What is a composite Index of Lagging indicators
The composite Index of Lagging indicators is an index published monthly in the conference Boardused to evaluate the direction of the economy in recent months.
This lagging indicator is a factor that varies according to a certain pattern or trend in the economy. Traders look at lagging indicators as a means to evaluate or confirm the strength of this trend.
The composite index consists of the following seven economic components, whose changes tend to come after changes in the economy as a whole:
- The value of outstanding commercial and industrial loans
- The change in the consumer price index for services compared to the previous month
- The change in the cost of labor per unit of labor
- The ratio of manufacturing and trade inventories for sale
- The ratio of consumer loans to personal income
- The average rate charged by banks
- The inverted average length of employment
The destruction of the composite index of Lagging indicators
The composite Index of Lagging indicators, given that it measures the economic activities of previous months, is used as after-the-fact way to help confirm the estimates of economists in modern economic conditions. For this purpose, the composite Index of Lagging indicators is best used in combination with the composite coincident index and the composite index of leading indicators.
Lagging indicators and the overall picture
The organization supports several composite indices, the tracking including leading, coincident, and lagging indicators to help to offer a permanent resource on the state of the U.S. economy.
“They are constructed by averaging their individual components in order to smooth out a large part of the volatility of individual series,” according to the conference Board. “Historically, the cyclical turning points in the leading index have occurred before those in aggregate economic activity, cyclical turning points in leading indicators occurred around the same time as aggregate economic activity, cyclical turning points in the lagging indicators generally occurred after total economic activity.”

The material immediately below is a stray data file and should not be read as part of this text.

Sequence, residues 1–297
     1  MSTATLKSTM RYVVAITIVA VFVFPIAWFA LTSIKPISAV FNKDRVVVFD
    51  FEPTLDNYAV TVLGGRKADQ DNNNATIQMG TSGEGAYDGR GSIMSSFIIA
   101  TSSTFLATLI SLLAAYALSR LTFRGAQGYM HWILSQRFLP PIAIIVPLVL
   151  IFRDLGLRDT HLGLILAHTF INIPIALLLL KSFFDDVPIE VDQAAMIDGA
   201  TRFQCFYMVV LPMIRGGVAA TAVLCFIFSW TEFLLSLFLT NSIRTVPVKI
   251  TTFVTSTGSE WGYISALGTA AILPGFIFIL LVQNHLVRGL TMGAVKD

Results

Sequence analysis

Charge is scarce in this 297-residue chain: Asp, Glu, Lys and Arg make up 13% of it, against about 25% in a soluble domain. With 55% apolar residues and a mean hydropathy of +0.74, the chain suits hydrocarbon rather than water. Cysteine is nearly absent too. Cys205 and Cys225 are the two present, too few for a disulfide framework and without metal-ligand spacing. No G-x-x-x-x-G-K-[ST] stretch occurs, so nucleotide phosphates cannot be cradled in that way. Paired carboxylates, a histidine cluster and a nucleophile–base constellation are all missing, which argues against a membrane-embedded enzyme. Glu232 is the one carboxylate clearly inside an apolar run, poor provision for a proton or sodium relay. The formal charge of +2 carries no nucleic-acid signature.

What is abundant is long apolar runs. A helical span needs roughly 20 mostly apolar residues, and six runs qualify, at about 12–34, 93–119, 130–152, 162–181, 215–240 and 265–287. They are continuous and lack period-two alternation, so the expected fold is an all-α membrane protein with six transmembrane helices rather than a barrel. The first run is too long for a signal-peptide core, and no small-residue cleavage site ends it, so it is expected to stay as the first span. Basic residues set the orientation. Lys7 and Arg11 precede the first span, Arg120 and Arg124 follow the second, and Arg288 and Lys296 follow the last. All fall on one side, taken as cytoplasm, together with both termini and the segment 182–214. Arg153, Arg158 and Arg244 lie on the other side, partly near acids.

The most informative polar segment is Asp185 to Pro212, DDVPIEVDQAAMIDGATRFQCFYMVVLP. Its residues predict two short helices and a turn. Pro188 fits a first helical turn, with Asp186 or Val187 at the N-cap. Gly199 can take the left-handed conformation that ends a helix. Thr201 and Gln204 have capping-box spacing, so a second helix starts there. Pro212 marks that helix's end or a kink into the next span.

Lagging indicators can be complex, and can sometimes tell more about the future of the economy, not about the past and Bloomberg noted in the article, 2018. It started with the good news that in April the unemployment rate of 3.9 percent was a 17-year low.
“For economists, the unemployment rate has always been a lagging indicator,” Stephen Mihm wrote. “It’s like looking in the rear view mirror. He tells us where the economy was in the not too distant past.
“But it is possible to look at unemployment as an indicator, if rather perverse one,” he explained. “If you look at the relationship between the unemployment rate and the last 10 recessions in the US, it’s amazing how quickly the recession to follow in the Wake of the economy hitting full employment.”
Indeed, Mihm wrote, “one commenter, who all counted on a 10 recessions that hit in 1950, found that the average time between the troughs of the unemployment rate and the onset of recession was approximately 3.8 months, with three recessions, starting a month after unemployment reached its lowest level; the longest gap was 10 months with a low unemployment rate. But this relationship, of course, depends on hindsight: we know that we got through in retrospect.”